Do I really believe the Chinese government is spying on me through my Huawei phone?
Maybe they simply don’t spy on South Africa or South Africans. But I must admit that I’m eyeing my Huawei P9 with a bit of suspicion. As Smartphones go, it is great value for money on my contract and it takes the best photos, with its Leica lens.
I’ve had Nokia, Blackberry and Samsung phones over the years. I flash back and wonder whether Finland, Canada and South Korea were also spying on me. I do know for a fact that Facebook and other US based companies are monetizing my information.
It sounds a bit crazy. And paranoid. And Xenophobic. I know that was my reaction too when I saw the article this week in Newsweek, “Huawei smartphones could allow the Chinese government to “maliciously modify or steal information” and “conduct undetected espionage,” according to the head of the FBI.”
This isn’t the first time the US Government, via its Security Agencies has taken aim at Chinese Cell Phone manufacturers. In 2012 the House Intelligence committee specifically asked US government contractors to exclude Huawei or ZTE equipment of parts.
In fact, these Chinese Spying allegations of the United States go back to 2009 and probably further.
Chinese Spying Allegations
I looked back to try to find out where these spying allegations originated? It seems that for many years now Huawei has been challenged by various security agencies within the US. For political or economic reasons they have stated that the Huawei-made telecommunications equipment is designed to allow unauthorized access by the Chinese government and the Chinese People’s Liberation Army. The paranoia could stem from the fact that Ren Zhengfei, the founder of the company, served as an engineer in the Chinese People’s Liberation Army in the early 1980s or else just from good old US paranoia.
In a 2011 open letter, Huawei stated that the security concerns are “unfounded and unproven” and called on the U.S. government to investigate any aspect of its business
Invoking Cold-War Powers
This China paranoia is always bubbling under the surface for the US government, in spite of the whole new America First Trump World.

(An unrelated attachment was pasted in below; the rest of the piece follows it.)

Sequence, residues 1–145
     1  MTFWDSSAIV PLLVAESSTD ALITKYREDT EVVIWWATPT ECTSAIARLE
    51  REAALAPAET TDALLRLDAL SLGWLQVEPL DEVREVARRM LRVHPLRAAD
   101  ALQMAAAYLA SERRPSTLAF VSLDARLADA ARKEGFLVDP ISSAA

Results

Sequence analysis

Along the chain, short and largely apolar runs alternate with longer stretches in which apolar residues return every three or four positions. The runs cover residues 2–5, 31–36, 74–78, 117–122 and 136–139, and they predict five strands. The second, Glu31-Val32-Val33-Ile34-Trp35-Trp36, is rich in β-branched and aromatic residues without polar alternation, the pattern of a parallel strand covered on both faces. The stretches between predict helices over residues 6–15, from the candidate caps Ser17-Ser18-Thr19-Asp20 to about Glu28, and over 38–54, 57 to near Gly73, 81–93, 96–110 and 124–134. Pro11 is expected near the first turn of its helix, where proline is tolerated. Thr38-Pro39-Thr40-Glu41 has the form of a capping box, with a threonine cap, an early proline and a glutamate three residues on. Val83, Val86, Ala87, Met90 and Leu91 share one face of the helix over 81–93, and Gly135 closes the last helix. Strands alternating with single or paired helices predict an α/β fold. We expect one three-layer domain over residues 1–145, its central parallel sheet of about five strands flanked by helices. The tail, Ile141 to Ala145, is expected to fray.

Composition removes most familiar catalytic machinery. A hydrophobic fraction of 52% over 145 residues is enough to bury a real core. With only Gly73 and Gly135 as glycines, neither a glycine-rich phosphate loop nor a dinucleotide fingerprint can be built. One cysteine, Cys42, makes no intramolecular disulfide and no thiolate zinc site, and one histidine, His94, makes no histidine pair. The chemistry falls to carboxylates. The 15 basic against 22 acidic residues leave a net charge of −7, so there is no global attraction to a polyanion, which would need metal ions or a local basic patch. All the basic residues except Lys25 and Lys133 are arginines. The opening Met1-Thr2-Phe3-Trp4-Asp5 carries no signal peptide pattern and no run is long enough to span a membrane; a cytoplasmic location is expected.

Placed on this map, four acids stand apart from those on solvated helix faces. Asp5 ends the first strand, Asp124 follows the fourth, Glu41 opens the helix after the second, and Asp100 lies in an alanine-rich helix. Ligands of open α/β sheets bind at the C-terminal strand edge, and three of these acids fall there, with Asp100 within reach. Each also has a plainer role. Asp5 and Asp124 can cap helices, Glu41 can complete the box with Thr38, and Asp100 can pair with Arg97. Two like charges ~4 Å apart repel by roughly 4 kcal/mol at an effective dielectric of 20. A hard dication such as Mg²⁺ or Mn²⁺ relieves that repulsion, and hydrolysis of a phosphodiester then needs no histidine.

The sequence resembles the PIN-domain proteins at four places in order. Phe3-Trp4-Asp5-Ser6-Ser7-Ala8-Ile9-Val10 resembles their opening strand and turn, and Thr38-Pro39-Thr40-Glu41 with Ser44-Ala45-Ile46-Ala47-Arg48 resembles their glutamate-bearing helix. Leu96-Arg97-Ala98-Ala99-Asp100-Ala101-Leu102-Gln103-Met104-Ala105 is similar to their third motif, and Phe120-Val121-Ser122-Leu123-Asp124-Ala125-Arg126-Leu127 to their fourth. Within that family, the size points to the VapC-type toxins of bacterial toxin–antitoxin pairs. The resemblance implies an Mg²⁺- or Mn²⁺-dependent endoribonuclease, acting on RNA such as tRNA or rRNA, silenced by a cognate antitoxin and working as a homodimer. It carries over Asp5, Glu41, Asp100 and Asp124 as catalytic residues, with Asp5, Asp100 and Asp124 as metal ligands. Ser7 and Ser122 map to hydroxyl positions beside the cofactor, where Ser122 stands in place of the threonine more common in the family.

In December 2011, Bloomberg reported that the U.S. was invoking Cold War-era national security powers to force telecommunication companies including AT&T Inc. and Verizon Communications Inc. to divulge confidential information about their networks in a hunt for Chinese cyber-spying.
The Obama administration said little publicly about the matter, and much of the evidence fueling lawmakers’ concerns remains classified.
National Security Threat
On 8 October 2012, the House Intelligence Committee issued a report concluding Huawei and ZTE were a “national security threat.
However, a subsequent White House-ordered review found no concrete evidence to support the House report’s espionage allegations
In 2014 The New York Times reported, based upon documents leaked by Edward Snowden, that the U.S. National Security Agency has since 2007 been operating a covert program against Huawei. This involved breaking into Huawei’s internal networks, including headquarter networks and founder Ren Zhengfei’s communications.
Back to the present and President Donald Trump is once again threatening China with sanctions. This comes only about six months after his I love China love fest with Chinese President Xi Jinping late in 2017.
Capacity to Conduct Undetected Espionage
On February 14, 2018, the heads of six major US intelligence agencies (FBI, CIA, NSA, DNI, and NGA) warned that American citizens shouldn’t use products and services made by Chinese tech giants Huawei and ZTE, in testimony to the United States Senate Select Committee on Intelligence.
During his testimony, FBI Director Christopher Wray said that the government was “deeply concerned about the risks of allowing any company or entity that is beholden to foreign governments that don’t share our values to gain positions of power inside our telecommunications networks.” He added that this would provide “the capacity to maliciously modify or steal information. And it provides the capacity to conduct undetected espionage.
When reached for comment on the allegations, a Huawei spokesperson provided the following statement:
“Huawei is aware of a range of U.S. government activities seemingly aimed at inhibiting Huawei’s business in the U.S. market. Huawei is trusted by governments and customers in 170 countries worldwide and poses no greater cybersecurity risk than any ICT vendor, sharing as we do common global supply chains and production capabilities. We are committed to openness and transparency in everything we do. Ultimately Huawei will continue to develop its global business through a significant commitment to innovation and R&D and to delivering technology that helps our customers succeed in all markets that value the innovation and value it delivers.”
Threat of Chinese Students and Academics
And then to top the Xenophobic paranoia of the Huawei Smartphones, FBI Director Wray claimed this week that Chinese operatives acting as professors, scientists and students have infiltrated American universities. There are reportedly some 350,000 Chinese students enrolled at American universities, or 35 percent of the one million foreign students in the country
I’m not taking a chance with my phone. Maybe China will want to start spying on us too. I’m leaving it switched off, downstairs in my office when I go to bed.
Writing this has made me hungry. Just running out to get a Veg Chow Mein. Maybe if I photograph my meal with my Huawei phone the Chinese Government will know I am friendly and not bother spying on me..